... Philip Bump of the Washington Post: "In the first major policy speech of his basically-but-not-yet-formalized campaign for the Republican nomination in 2016, former Florida governor Jeb Bush established a very ambitious economic goal: 4 percent annual GDP growth. Over the last 30 years, that's been achieved seven times -- none of them under a president named 'Bush.'"

... Hey! A Compassionate Conservative! Jonathan Martin of the New York Times: "Jeb Bush used his first campaign-style speech on Wednesday to focus on the difficulties of low-income Americans, signaling that he intends to take a position on economic issues like income inequality that diverges with the approach traditionally championed by the Republican Party. Speaking in a city that was once synonymous with middle-class opportunity and stability but has been battered by the exodus of well-paying jobs, Mr. Bush framed the country's resurgent economy as a comeback for only the affluent." ...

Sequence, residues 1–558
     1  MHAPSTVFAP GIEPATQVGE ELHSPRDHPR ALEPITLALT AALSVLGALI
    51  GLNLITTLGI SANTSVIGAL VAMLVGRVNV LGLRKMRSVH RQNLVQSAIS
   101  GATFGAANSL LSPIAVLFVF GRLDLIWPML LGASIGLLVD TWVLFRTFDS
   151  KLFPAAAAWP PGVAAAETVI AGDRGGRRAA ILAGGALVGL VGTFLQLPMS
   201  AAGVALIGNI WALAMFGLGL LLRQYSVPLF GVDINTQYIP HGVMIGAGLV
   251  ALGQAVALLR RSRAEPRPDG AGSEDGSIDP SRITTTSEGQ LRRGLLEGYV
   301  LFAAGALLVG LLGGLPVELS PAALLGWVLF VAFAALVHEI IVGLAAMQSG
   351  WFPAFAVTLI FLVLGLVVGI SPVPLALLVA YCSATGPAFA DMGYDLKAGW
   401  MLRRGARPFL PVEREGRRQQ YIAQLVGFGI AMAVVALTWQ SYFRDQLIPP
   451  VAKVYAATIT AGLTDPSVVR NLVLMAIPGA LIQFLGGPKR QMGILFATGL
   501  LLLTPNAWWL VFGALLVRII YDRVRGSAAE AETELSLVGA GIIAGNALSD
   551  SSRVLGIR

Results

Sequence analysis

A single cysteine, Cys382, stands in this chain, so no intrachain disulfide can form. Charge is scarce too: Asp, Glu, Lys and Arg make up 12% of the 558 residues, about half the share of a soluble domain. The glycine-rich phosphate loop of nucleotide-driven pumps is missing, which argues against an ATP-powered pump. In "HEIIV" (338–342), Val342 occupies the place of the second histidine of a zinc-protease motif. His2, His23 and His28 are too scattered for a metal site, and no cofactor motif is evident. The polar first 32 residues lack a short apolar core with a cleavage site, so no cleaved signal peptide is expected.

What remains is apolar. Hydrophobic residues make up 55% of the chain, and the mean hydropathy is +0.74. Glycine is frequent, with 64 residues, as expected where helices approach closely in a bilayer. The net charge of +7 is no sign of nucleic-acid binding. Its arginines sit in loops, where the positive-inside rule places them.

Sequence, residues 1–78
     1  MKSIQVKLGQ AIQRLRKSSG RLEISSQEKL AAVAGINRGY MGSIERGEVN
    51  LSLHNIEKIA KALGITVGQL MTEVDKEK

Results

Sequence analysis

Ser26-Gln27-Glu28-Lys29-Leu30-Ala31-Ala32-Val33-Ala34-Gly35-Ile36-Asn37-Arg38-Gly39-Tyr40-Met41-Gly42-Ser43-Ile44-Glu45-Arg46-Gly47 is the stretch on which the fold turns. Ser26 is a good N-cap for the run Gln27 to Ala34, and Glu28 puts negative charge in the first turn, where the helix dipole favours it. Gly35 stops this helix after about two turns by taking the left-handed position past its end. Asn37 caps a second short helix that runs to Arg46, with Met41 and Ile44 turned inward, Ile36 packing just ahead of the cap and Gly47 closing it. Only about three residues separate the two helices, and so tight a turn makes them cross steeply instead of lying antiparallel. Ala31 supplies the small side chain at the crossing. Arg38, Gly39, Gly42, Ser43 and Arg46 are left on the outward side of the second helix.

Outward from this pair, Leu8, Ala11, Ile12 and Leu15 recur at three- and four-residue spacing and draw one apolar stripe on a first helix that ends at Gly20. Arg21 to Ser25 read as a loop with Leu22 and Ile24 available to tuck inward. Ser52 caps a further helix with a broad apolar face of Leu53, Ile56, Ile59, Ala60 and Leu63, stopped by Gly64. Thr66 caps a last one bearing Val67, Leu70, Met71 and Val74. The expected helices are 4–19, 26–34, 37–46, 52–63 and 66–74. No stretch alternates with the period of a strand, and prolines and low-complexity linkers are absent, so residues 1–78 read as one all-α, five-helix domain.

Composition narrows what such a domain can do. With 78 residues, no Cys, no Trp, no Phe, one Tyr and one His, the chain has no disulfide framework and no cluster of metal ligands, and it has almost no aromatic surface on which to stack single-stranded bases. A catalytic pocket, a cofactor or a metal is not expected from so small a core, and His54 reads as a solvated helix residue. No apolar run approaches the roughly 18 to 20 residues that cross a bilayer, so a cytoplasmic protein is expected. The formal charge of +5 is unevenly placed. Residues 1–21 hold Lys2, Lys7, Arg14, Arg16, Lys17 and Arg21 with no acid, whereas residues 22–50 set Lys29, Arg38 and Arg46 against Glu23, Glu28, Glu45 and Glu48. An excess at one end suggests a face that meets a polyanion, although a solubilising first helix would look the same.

... Alexandra Jaffe of CNN: "During a 'Family Reunion' conference hosted by the Hispanic Leadership Network in April 2013, Jeb Bush spoke freely on the promise immigrants hold for America and his views on reform. He said, during a discussion with Univision, that it was 'ridiculous' to think that DREAMers, children brought to the U.S. by their parents illegally, shouldn't have an 'accelerated path' to citizenship.... The comments Bush made several years ago weren't dealbreakers for him in a primary, multiple conservative operatives and lawmakers said." Other GOP operatives were far more negative. Jaffe provides multiple citations from the shocked & bewildered.